Lemkivshchyna is alive!
Lemkivshchyna, also known as Lemkovyna, Lemkovshchina or Lemkowszczyzna in Polish, is a scenic territory traditionally inhabited by Lemkos. This territory stretches from the Beskids (a traditional name for a series of Eastern European mountain ranges, in this case the Carpathian Mountains) — most of the Low Beskids, the western part of the Middle Beskids (Beskid Sadecki and Bieszczady in Polish), and the eastern fringe of the Western Beskids. Lemkos are an ethnic group that includes the populace of the southern slopes of the Beskids. However, Lemkivshchyna is a place name that traditionally refers to the northern part of this “Ukrainian-Carpathian Peninsula.” Back in the 14th century, it was part of the Polish kingdom. After 1772, it found itself under Austrian rule. (There is also Priashivshchyna, or the Presov region, a spot in the south of the historical Transcarpathian — Zakarpattia — territory annexed by Slovakia in 1919, historically part of Hungary, with Presov being the central city which, in the first half of the 19th century, became the Ruthenian-Ukrainian religious and cultural center.)
White Croats are often described as the first settlers in Lemkivshchyna, thus rating the status of Lemko forefathers. Nestor the Chronicler mentions them as a Slavic tribe under the rule of Kyivan Rus’ in the 10th century A.D. There is little doubt, however, that what Rus’ owned was only the eastern part of today’s Lemkivshchyna, approximately as far as the river Yaselka, considering that, back in the 15th-18th cc., it marked the frontier between the Sanok land of the Ruthenian Voivodeship and that of Krakow (with the villages of Zavadka Rymanowska, Daliowa, Lipowiec, Czeremcha located to the east of the boundary). This frontier was, of course, inherited from a previous historical period when Sanok was Ukraine’s political and military outpost and when that part of the Beskids remained scarcely inhabited because there was practically no chance of tilling the land.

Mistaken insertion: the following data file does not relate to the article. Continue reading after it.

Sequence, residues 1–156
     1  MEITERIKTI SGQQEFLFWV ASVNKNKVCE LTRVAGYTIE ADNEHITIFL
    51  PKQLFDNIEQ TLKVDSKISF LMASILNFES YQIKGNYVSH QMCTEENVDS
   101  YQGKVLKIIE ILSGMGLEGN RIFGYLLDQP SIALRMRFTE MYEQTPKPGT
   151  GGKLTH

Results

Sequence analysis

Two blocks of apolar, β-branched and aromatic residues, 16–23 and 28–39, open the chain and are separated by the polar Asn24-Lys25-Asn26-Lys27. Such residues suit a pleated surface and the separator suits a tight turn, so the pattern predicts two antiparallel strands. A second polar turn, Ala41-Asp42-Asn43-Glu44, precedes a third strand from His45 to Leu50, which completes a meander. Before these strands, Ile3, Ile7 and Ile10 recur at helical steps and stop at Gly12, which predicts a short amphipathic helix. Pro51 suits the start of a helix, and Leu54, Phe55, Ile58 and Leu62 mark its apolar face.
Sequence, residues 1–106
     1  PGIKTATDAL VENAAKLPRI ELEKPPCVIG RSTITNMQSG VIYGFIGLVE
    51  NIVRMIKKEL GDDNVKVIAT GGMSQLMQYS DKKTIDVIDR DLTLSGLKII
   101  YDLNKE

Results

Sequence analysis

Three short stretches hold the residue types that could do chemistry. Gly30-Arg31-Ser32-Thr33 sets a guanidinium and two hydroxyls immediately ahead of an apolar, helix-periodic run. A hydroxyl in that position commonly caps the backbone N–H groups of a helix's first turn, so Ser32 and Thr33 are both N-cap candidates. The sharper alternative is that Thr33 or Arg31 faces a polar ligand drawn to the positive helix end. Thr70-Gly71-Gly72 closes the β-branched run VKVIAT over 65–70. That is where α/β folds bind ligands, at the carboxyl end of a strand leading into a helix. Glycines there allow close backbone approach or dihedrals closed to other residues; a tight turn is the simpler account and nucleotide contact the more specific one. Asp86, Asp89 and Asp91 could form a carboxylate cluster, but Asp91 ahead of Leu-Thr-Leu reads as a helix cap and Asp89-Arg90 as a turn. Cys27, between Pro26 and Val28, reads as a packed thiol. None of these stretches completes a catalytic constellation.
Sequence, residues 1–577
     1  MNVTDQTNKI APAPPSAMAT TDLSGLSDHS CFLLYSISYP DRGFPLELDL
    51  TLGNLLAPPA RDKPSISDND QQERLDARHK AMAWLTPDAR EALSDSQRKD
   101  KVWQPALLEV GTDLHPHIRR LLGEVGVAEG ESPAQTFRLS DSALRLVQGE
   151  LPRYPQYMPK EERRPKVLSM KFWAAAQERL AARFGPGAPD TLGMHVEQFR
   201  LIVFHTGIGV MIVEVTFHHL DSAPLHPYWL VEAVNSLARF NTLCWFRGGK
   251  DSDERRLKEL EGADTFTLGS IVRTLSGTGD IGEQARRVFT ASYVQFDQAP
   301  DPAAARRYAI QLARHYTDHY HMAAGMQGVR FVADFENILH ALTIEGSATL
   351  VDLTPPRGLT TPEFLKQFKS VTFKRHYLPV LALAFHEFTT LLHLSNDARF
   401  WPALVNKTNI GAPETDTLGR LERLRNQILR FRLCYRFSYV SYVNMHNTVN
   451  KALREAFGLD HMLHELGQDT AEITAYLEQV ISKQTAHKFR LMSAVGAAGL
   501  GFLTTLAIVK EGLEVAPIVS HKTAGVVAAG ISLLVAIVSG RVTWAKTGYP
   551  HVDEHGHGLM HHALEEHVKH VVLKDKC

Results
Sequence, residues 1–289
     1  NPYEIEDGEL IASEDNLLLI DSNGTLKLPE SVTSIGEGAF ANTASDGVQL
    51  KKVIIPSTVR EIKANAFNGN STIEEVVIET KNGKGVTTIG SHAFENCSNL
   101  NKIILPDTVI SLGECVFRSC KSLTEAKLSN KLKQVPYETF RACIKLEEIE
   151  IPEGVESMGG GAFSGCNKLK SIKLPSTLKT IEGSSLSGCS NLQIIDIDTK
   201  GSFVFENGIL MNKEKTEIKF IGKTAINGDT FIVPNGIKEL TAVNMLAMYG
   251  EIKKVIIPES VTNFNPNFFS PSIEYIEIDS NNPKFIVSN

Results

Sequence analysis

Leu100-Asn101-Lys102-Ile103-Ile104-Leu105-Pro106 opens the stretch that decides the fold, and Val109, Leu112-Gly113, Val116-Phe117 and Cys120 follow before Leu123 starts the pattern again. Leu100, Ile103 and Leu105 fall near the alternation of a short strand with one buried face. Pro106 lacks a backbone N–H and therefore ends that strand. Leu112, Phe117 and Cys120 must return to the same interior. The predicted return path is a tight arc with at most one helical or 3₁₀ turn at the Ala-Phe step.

It is safe to assume that Lemkivshchyna, as a Ukrainian ethnic and cultural region, formed in the 15th-16th cc., as soon as the territory had been swept under the tidal wave if rural colonization relying on the Moldovan custom law adjusted to local highland practices, where herding sheep was the key personal income source, with tilling being lower on the agenda. Some authors keep trying to separate Lemkivshchyna from Ukraine’s ethnic and cultural environs. The fact remains that the strongest demographic impact of this colonization wave was not made by ethnic Romanians, nor by other migrant tribes that, allegedly, crossed the Beskids and miraculously became Ruthenian, but by the impetuous Ruthenian environment that absorbed various foreign influences. On the other hand, Lemkivshchyna, being a wedge between the Polish and Slovak communities, served to preserve cultural and language archaisms.